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April 15 (Reuters) - (The following statement was released by the rating agency)
Fitch Ratings has affirmed three pass-through certificates (PTCs) from two Indian asset-backed securitisation (ABS) transactions, namely Small Business Trust 2012 (SBT 2012) and Small Business Trust 2013 (SBT 2013), at ‘BBB-sf’. These transactions are backed by small business loans originated by Shriram City Union Finance Limited (SCUF), which also acts as a servicer for the transactions.
The rating actions are listed at the end of this rating action commentary.
The affirmations reflect satisfactory asset performance and sufficient credit enhancement (CE) for the rated notes. For both transactions, CE has increased since the closing date, driven by steady amortisation of the static portfolios.
Loan seasoning has increased to 35 months and 20 months for SBT 2012 and SBT 2013 respectively. Other portfolio characteristics including the weighted average yield and geographical distribution have remained fairly stable since the transactions closed. Maximum loans accounted for less than 0.2% of each securitised portfolio in February 2014, reflecting minimal concentration at the obligor level.
Driven by high origination standards, delinquency levels for both transactions are zero and are deemed low relative to other rated securitisation transactions in India, particularly those that have securitised commercial-vehicle loans. The key difference is that loans securitised in SBT 2012 and SBT 2013 are used primarily to finance working-capital requirements of relatively low-risk small and medium enterprise (SME) borrowers who have a satisfactory payment record within Shriram Group. SCUF has access to detailed obligor-specific information, and it is able to tailor collateral levels to match individual risk profiles, with higher-risk customers posting greater amounts of collateral. SCUF also does not outsource its collection, but employs its own in-house teams to enhance collection efficiency.
The portfolio of SBT 2012 has amortised by 84.9% of its initial balance. This has raised the CE to 51.2% of the balance of the outstanding collateral balance in March 2014, from 7.8% in January 2012 when the transaction closed. Loans that were 90+ days past due (dpd) and 180+dpd as percentages of the initial pool balance were at zero in February 2014. Since collateral value has remained largely unchanged while loans continue to amortise, the weighted average current loan-to-value (LTV) ratio has declined to 29.3%, from 85.5% at closing. Nearly 90% of the portfolio has an LTV of below 50%, suggesting sufficient security at the loan level.
The portfolio of SBT 2013 has amortised by 65.7% of its initial balance. This has raised the CE to 38.8% of the outstanding collateral balance in March 2014, from 13.3% in April 2013 when the transaction closed. Loans that were 90+dpd and 180+dpd as percentages of the initial pool balance were at zero in February 2014. Like SBT 2012, the SBT 2013 transaction has seen its weighted average current LTV drop to 42.2%, from 82.1% when the transaction closed.
For both transactions, the CE has not been utilised. The excess spread has been sufficient to absorb losses incurred by the transactions. CE is in the form of fixed deposits, which comprise a first-loss credit facility and a second-loss credit facility, kept at Canara Bank (BBB-/Stable/F3).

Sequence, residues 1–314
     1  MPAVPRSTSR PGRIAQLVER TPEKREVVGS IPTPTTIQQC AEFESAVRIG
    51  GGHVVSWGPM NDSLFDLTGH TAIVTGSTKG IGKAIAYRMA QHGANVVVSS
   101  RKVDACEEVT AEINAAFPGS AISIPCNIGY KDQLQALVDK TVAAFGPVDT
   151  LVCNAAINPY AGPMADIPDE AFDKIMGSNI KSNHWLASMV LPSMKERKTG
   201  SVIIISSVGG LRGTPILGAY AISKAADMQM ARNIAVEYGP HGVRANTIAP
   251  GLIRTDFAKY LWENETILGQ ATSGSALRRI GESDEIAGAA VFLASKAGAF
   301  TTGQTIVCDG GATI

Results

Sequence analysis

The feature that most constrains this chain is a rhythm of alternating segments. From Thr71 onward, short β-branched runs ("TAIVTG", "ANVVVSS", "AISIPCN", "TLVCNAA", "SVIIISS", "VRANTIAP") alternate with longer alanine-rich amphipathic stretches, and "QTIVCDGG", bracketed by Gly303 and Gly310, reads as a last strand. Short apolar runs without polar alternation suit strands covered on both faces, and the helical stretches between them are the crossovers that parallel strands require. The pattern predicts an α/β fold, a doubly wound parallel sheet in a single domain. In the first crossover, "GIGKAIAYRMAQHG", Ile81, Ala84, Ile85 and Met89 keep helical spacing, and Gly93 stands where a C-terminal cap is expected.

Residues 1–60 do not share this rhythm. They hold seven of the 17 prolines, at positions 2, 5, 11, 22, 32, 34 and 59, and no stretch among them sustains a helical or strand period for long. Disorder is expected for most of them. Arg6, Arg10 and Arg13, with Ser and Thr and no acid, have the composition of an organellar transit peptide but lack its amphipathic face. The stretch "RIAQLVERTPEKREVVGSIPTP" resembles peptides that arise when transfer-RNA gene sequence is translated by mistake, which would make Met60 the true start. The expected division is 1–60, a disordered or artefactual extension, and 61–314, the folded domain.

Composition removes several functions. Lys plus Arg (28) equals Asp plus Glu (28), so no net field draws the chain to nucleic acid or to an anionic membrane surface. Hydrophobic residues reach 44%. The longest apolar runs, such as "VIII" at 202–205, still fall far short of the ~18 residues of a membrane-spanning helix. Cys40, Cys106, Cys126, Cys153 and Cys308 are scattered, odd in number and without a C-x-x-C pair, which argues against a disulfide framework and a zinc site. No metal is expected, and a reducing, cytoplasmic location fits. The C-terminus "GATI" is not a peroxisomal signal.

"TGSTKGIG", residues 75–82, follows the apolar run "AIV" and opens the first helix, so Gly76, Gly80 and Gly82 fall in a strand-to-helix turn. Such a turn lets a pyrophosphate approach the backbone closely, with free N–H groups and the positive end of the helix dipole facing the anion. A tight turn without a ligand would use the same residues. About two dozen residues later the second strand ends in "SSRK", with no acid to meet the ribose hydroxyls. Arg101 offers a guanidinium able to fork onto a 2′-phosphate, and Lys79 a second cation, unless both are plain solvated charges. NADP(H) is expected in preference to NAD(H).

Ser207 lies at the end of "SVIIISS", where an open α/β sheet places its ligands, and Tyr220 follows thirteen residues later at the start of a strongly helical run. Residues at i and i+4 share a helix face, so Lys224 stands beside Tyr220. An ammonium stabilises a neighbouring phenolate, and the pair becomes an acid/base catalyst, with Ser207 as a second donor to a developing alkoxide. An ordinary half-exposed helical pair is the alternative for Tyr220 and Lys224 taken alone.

In 2014, delinquencies are generally expected to increase for rated asset-backed securitisation (ABS) transactions in India. This is due to India’s economic slowdown, which is exacerbated by the recent depreciation of the Indian rupee, rising petroleum prices, and political uncertainty amid ongoing national elections. However, the impact from such stress on these two transactions is likely to be limited compared to other rated transactions given the higher quality of obligors and the different financing purpose served by the securitised loans in SBT 2012 and SBT 2013. In addition, the notes can withstand stresses well above base-case levels, and CE is likely to build up rapidly due to the fast amortisation of the underlying portfolios. Together, they should create sufficient buffers for the transactions against India’s economic uncertainties.
Based on Fitch’s sensitivity analysis, the base-case default rate would need to increase by at least 4.0x and 4.2x for SBT 2012 and 2013 respectively from the closing base-case default rates, before a downgrade of the PTCs to ‘BB+sf’ is considered. The rating-sensitivity analysis assumes that the CE and other factors remain constant. Stresses on recovery rates in the sensitivity analysis did not lead to a downgrade scenario.
The rating could be upgraded if the rating of the bank holding the cash collateral is upgraded to above ‘BBB-’ and the portfolio performance remains sound, with adequate CE that can withstand stress at above a ‘BBB-sf’ rating scenario.
Initial key rating drivers and rating sensitivities for Small Business Trust 2012 are described further in the new issue report dated 2 March 2012. A comparison of the transactions’ representations, warranties and enforcement mechanisms (RW&Es) to those of typical RW&Es for this asset class is available by accessing the reports and links given under Related Research below.
The full list of rating actions is as follows:
Small Business Trust 2012
INR831.3m Series A PTCs due September 2016 affirmed at ‘BBB-sf’; Outlook Stable Small Business Trust 2013
INR494.1m Series A2 PTCs due March 2015 affirmed at ‘BBB-sf’; Outlook Stable
INR206.8m Series A3 PTCs due June 2017 affirmed at ‘BBB-sf’; Outlook Stable Series A1 PTCs was paid in full as of 24 March 2014